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Car jacking gone RIGHT!

2510 Views 49 Replies 17 Participants Last post by  Ronnie948
This guy knew something was up and kept his distance.... until they tried to corner him.

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Cars have no duty to protect you, I’ve memorized all the cases. I’m weird like that.
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If you had a lawyer with half a brain (many of them do have half a brain) I think you could win the coverage dispute 95 out of 100 times.

Many of these things turn on “public policy” which is kind of the reason behind certain provisions in the law or a contract. Sometimes the law actually makes sense. It would make sense to exclude coverage for an intentional act if I looked at the pitting on the front bumper of my little Mercedes SUV and in order to get it repainted, I intentionally drove into the garage. That would be a pretty clear case and it does really have pitting but I think I’ll pay for it myself.

In the case we were discussing about the carjacking, was the driver of the car intentionally trying to hit the other car? I think no, I believe a court would determine that he was freaked out, terrified and his only thinking process was to save his life. Hitting the door of the other car was not intentional, it was an inadvertent part of the escape plan. In preparation to say this I just looked at a model state farm insuring agreement. I did not see an intentional acts exclusion in the collision portion.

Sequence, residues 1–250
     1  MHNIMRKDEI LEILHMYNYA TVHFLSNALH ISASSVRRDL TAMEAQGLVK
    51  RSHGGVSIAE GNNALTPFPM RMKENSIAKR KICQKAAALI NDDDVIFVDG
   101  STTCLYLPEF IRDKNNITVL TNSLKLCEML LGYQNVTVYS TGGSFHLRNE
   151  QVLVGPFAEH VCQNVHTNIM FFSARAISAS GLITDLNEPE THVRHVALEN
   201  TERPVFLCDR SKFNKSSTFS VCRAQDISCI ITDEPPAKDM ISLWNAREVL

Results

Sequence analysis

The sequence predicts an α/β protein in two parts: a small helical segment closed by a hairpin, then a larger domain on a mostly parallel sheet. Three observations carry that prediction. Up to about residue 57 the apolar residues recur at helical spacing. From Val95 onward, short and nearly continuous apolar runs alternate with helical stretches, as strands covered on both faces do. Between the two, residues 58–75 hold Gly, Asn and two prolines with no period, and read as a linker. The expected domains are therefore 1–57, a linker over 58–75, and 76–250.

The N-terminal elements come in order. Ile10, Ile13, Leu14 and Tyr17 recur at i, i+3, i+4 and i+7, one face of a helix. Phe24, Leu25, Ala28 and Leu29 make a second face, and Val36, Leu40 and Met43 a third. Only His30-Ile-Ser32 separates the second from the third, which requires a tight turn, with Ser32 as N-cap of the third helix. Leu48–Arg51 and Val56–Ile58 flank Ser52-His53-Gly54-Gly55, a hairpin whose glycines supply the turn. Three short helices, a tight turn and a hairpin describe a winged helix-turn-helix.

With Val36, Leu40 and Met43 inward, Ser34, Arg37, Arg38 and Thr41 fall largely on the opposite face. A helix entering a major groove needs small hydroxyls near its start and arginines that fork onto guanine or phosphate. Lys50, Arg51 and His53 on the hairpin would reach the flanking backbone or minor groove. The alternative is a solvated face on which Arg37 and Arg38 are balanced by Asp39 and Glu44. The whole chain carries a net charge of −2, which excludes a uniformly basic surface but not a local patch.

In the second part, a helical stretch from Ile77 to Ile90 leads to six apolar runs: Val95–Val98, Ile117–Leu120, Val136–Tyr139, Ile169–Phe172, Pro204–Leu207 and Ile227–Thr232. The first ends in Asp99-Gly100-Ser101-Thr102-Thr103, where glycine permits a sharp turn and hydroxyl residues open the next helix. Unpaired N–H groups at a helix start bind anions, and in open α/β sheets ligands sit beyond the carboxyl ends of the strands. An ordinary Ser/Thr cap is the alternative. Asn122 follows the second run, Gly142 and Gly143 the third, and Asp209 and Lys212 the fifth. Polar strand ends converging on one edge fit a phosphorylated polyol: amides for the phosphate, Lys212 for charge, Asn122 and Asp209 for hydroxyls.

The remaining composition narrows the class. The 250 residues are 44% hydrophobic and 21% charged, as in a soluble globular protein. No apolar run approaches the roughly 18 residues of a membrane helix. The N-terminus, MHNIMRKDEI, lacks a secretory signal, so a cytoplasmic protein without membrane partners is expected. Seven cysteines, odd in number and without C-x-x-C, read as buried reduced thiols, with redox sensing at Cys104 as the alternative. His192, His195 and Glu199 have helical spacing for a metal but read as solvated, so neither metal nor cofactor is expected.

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You missed my point
I didn’t miss your point, I was referring to the question above you regarding insurance coverage.

You raise a good question and I don’t know the answer. I think I know the procedure for arriving with the answer, the court would have to weigh the benefit to the public of having these type safety devices versus the risk of the safety devices in extraordinary circumstances actually causing injury. It would be a monumental argument I would think.

I know that sometimes when I’m driving my wife’s Tesla and it is on auto pilot or cruise, a car in the right lane may slow down suddenly and the Tesla jams on the brakes. It’s maddening.
I don’t think there’s any question the carrier would lose that debate in court. Intent would have to apply to the desire to damage the car. This guy’s intent was to save his life and he did not make a conscious decision “hey, I think I’ll damage my car.” I can get a new paint job.
I don’t perceive anything as an argument. None of this discussion stuff is personal.The way I see it under that exclusion is that the insurance carrier, to win, must demonstrate that the insured intended to damage his vehicle. In other words there must be some specific intent to cause the damage usually for some nefarious reason like getting a new paint job.
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